As spring training begins, Nolan Reimold is no longer a forgotten man

After missing playoff run with neck injury, outfielder says he's ready to contribute

February 13, 2013|Peter Schmuck

SARASOTA, Fla. — Nolan Reimold made an amazing transition over the past several months, though he probably didn't even notice.

He was out of sight and mostly out of mind while the Orioles were staging their surprising wild-card playoff run last year, recovering from extensive neck surgery and wondering if he would ever regain enough strength in his left shoulder to be the player who seemed to be blooming last April.

Now, as the Orioles begin preparing for a new season and a possible playoff encore, Reimold is far from being a forgotten man. He's the guy whose name comes up every time club officials try to explain why they did not acquire another quality hitter to bolster the middle of the lineup.

If Reimold can replicate what he started to do before he got hurt last year, then he'll be that quality hitter.

If he can deliver the kind of power and on-base percentage that he has hinted at throughout his star-crossed major league career, Dan Duquette and the Orioles front office will look brilliant for not crowding him out of the picture with a big trade or an expensive free-agent acquisition.

Seems like a lot of weight to put on a guy who has a titanium plate in his neck, but Reimold wouldn't have it any other way.

"I want to be that guy,'' Reimold said Wednesday. "I know I was going to have a good year last year, so it's really tough to take when what happened happened, so I've been working the whole offseason. I've had a lot of time away from baseball. I'm trying to heal up, get my strength back, get into baseball activities and get back to what's normal for me."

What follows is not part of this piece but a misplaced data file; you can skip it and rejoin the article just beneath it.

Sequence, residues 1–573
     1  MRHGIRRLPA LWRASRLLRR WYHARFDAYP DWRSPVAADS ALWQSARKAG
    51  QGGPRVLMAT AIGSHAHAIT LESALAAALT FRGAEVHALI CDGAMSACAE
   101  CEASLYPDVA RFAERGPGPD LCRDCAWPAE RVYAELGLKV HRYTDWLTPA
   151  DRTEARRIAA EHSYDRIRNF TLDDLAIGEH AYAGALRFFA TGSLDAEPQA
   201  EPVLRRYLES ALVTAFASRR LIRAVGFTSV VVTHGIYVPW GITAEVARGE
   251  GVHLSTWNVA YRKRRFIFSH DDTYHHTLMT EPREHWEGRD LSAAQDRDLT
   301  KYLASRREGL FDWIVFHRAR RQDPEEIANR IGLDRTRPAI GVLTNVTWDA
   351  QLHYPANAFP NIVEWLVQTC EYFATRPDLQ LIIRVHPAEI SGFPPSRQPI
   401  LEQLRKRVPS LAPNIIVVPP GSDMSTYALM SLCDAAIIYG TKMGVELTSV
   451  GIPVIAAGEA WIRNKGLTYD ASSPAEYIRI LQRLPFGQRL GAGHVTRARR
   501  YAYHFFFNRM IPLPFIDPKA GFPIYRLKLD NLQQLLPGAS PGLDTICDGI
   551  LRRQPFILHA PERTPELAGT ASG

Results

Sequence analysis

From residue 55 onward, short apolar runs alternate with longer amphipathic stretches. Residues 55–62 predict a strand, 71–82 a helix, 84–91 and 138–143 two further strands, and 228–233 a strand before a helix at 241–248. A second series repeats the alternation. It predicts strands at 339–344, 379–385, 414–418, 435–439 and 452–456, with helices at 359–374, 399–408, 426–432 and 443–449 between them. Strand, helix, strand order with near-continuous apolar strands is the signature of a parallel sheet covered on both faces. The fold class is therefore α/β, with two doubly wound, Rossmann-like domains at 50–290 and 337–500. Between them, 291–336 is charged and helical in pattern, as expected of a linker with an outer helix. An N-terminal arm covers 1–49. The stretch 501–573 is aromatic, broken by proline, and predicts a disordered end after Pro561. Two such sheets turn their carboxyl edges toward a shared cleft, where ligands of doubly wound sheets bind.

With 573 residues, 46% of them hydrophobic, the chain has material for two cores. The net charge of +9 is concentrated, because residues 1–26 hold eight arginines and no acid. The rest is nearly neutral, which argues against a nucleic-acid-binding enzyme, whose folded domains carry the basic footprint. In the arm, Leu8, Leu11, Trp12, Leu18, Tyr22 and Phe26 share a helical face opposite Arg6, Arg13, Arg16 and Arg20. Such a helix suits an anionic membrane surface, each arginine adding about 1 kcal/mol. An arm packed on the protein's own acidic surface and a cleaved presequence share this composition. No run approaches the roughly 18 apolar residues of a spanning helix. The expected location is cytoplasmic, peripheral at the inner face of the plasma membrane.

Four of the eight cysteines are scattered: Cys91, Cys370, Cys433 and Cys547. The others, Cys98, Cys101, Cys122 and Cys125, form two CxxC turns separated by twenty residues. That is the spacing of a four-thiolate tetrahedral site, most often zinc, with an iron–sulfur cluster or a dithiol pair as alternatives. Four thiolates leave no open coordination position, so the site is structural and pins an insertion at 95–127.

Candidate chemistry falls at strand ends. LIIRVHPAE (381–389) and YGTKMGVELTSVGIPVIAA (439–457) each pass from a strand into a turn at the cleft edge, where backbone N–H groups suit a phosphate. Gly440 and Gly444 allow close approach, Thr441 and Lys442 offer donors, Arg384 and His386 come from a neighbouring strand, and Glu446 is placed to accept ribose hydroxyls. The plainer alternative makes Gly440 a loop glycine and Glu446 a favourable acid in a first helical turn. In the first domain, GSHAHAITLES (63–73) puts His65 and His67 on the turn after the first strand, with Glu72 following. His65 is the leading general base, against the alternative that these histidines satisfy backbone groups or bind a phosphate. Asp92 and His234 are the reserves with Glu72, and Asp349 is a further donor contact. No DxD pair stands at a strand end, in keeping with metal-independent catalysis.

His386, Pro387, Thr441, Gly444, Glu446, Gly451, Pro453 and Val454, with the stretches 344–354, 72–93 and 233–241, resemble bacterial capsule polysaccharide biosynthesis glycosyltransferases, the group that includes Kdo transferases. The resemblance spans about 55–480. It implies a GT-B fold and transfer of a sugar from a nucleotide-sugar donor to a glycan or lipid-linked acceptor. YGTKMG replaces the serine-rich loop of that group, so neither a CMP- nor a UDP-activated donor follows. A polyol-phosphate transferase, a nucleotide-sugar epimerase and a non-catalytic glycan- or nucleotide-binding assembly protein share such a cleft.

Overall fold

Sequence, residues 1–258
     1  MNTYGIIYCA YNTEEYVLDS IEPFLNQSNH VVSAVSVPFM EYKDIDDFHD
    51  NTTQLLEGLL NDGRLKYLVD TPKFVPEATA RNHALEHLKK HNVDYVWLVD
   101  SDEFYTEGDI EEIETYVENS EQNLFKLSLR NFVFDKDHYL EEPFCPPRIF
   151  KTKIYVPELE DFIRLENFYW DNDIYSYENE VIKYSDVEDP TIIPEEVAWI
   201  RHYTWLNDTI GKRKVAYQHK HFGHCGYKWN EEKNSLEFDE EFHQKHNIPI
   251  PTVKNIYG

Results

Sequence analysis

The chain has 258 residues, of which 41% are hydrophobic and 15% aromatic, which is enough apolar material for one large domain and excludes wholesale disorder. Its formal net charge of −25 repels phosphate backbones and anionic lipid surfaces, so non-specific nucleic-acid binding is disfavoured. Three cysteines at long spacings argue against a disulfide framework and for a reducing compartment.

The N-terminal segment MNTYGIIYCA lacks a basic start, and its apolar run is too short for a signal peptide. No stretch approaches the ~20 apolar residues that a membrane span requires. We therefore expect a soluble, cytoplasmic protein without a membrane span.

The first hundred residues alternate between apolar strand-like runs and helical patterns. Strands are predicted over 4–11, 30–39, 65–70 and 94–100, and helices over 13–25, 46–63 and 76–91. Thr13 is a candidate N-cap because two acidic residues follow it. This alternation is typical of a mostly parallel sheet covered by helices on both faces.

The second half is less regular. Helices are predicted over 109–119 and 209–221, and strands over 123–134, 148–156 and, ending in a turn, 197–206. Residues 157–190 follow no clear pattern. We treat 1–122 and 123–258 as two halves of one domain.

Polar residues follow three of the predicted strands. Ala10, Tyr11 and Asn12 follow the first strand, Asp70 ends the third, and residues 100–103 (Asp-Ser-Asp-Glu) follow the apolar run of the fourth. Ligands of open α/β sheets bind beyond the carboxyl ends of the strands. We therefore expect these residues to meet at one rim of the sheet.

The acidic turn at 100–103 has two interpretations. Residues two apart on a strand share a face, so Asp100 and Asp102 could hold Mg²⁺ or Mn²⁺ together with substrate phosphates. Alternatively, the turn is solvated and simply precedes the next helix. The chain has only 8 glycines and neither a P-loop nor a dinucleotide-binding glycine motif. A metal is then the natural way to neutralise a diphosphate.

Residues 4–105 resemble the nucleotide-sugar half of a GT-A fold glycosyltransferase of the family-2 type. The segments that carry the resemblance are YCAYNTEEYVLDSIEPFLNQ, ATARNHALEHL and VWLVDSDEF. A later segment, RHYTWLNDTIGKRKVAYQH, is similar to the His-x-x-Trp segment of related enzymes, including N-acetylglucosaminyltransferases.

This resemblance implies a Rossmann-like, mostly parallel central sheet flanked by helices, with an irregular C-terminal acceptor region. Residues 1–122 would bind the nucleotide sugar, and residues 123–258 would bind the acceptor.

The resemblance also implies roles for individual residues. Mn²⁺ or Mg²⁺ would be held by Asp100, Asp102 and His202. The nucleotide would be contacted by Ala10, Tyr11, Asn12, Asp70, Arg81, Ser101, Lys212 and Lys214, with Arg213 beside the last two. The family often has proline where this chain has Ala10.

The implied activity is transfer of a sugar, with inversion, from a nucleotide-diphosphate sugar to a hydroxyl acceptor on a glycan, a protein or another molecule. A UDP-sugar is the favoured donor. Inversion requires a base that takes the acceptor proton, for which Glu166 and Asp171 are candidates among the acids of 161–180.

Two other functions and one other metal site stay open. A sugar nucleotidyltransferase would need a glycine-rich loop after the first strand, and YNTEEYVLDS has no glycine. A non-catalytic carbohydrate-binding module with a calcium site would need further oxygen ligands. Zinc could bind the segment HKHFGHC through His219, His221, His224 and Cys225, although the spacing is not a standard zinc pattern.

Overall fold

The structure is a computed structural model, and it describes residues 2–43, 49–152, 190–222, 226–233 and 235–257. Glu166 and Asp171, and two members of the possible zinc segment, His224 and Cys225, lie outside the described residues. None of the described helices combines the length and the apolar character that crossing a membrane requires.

There really hasn't been a lot of normal for Reimold, who battled his way through the Orioles minor league system and finally seemed ready to pop in 2009, when he hit .279 with 15 homers and 45 RBIs before being shut down to undergo surgery on a damaged Achilles tendon.

He tried to come back too soon the following season and struggled badly at the plate in 39 major league games. He started to regain his stroke in 2011 and looked like he had arrived last year, batting .313 with five homers and 10 RBI in 16 games before suffering a herniated disk in his neck that would require surgery in June.

Meanwhile, the Orioles were starting to look like they might be for real and all Reimold could do was watch from a distance while he waited for his vetebrae to fuse and his rehabilitation program to get underway. He watched the season build to a late-season crescendo and end with the Orioles' first playoff appearance since 1997, all the while wondering what might have been.

"It's one of those things that's bittersweet,'' Reimold said. "It was great to see the team doing well and everybody having success, but it's tough to watch it from the sidelines ... from the couch."

Fortunately, he had some distractions, which probably helped him keep the whole ordeal in perspective.

"I had kids at home, so I wasn't just sitting there,'' Reimold said. "I was always busy every day, not dwelling on anything. That was good to have, but I've got to feed my family, so I have to get back to work and get back to what I know how to do, so that was my motivation to come back and be better than what I was before."

So far, so good. Reimold took his first swings against live batting practice Tuesday and said he felt fine. He has worked hard to rebuild the strength in his shoulder and says he is close enough to 100 percent to take part in all baseball-related activities when full-squad workouts begin Saturday.

"I should be able to do everything,'' he said. "I think I'll be doing everything, barring something unforeseen. That's my plan, to be out there with no limitations and get to work."

He's already seen enough of the unforeseen, so he couldn't help but qualify that statement, but he said that he is not fatalistic and he has not allowed himself to wonder why so much has gone wrong over the past four years.

"No, I don't feel sorry for myself,'' he said. "I've been through too much. It's time to just have everything click and things go right. I've had a lot of experiences over the last few years and I'm ready to just play baseball."

Read more from columnist Peter Schmuck on his blog, "The Schmuck Stops Here" at and listen when he co-hosts "The Week in Review" at noon Fridays on WBAL (1090 AM) and at

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